This building was originally the home of the Count of Flanders. It contains a relic of Holy Blood allegedly gathered by Joseph of Arimathea and brought from the Holy Land by the Count after the Second Crusade. The lower chapel is dedicated to St. Basil and was constructed in the Romanesque style. The upper chapel is devoted to the Holy Blood and was done and redone in the gothic style. The blood itself is kept on a cloth in a vial, and is celebrated annually on Ascension Day via the Procession of the Holy Blood. Basilica of the Holy Blood, Burg 10,  Apr-Sep 9:30AM-11:50AM & 2PM-5:50PM, Oct-Mar 10AM-11:50AM & 2PM-3:50PM Try and get there early so you can view the chapel when it is still quiet . Entrance is Free

Lake of Love or Minnewater

It is easy to fall in love with this picturesque and pastoral lake that became a canal. Graceful swans, the symbol of the city, dot the land and the water, while quaint brick houses and willow trees fill the idyll in a beautiful manner. There is a local legend that states that lovers who cross the bridge will be together forever. That legend, combined with the serene beauty of the surroundings, makes it easy to understand how this came to be called the Lake of Love.

Groeninge Museum

Six centuries of Belgian paintings are on display in this municipal museum. From Renaissance and Baroque styles, to neo­classical and realist, a wide variety of schools are represented. Famous names like Jan van Eyck, Hieronymous Bosch, René Magritt and Jan Provoost are all present and accounted for. There is also a modern art collection dating back to the post­war period. Marvel at the Flemish Primitives, so called because they were the first, in the 15th century, to start pushing boundaries with new styles and painting techniques. Also known as “The city museum of Fine Arts”

Dijver 12, B-8000; opened 7 days  from 9:30AM-5PM. ‘, Groeninge museum in Bruges houses a collection of artworks that span 7 centuries (14th-20th), focusing mainly on works by painters who worked  and lived in Bruges. €8 / €6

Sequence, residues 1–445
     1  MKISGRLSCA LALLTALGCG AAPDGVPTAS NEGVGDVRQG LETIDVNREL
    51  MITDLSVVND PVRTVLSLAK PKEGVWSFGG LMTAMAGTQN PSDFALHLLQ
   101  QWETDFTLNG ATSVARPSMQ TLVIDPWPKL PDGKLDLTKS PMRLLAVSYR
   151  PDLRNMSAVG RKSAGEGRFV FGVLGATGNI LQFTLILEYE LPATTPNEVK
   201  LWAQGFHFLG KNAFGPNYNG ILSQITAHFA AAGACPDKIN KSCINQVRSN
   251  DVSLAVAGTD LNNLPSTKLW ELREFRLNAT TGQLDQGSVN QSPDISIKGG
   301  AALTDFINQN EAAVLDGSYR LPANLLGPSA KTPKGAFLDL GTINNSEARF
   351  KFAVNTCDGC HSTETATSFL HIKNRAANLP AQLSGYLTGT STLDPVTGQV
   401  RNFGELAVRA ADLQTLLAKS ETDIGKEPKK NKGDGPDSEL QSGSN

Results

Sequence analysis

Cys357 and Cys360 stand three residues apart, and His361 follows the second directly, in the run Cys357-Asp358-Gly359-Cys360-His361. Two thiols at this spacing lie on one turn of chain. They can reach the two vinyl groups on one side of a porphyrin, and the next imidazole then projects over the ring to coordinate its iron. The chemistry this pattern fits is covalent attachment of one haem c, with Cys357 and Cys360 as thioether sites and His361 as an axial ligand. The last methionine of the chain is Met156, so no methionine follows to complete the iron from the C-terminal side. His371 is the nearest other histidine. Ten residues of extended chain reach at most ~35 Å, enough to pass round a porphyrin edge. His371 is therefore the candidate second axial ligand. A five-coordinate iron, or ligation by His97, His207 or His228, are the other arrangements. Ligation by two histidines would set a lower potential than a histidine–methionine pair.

The Hospital of St John

Closed on Mondays. Sint-Janshospitaal contains a museum of several paintings by Hans Memling, within the early medieval hospital buildings.  €8./€6 with Bruges card, Closed on Mondays.

Choco-Story Museum,  This Choco-museum, on several floors describes chocolate’s transition from cocoa into chocolate. It is run by the Belgian chocolate manufacturer Belcolade. Stay for the chocolate making exhibition to get some excellent samples. €7./€6 with Bruges card  ; Wijnzakstraat 2 (Sint-Jansplein),  050/61.22.37, 10AM-5PM.

Brewery De Halve Maan,

This brewery and beer museum offers a tour of the history of the brewery , as well as an overview of the city from its tower. The tour lasts less than an hour and is a good way to get a feel for Belgian beer brewing. The tours start at the exact turn of the hour, be at least fifteen minutes early. The entrance price includes one flemish beer: Brugse Zot or Straffe Hendrik which is served after the tour at the outside terrace or indoor bar. €7.00 including 1 beer ; Walplein 26,  +31 50 332-697, Apr-Oct M-Sa 11:00-16:00, Su 11:00-17:00.

Church of our Lady (Onze Lieve Vrouwkerk,)

A fascinating church with architecture from theGothic and Romanesque  periods. In the end of the church are  fine tombs of Charles the Bold and his daughter Mary of Burgundy with contrasting Gothic and Renaissance styles. The church also houses”Madonna with child”, one of the few Michelangelo sculptures outside of Italy, the . Fee 2 euro to see the Michelangelo. Mariastraat.

Jerusalem church

In a non-touristic area of Bruges, a highly unusual church with octagonal tower built by the Adornes brothers, merchants of Italian extraction. It includes a fine black tournai marble tomb, late Gothic stained glass, and a tiny and rather spooky chapel containing an effigy of the dead Christ.

DiamantMuseum ,  . Diamond museum offers a large range of exhibits from mining to polishing and all the history in between. Everyday at 12:15 there is a live polishing demonstration. Individuals €6, Groups €4.5, Students €3, Katelijnestraat 43,  050 33 63 26‎; 0:30AM-5:30PM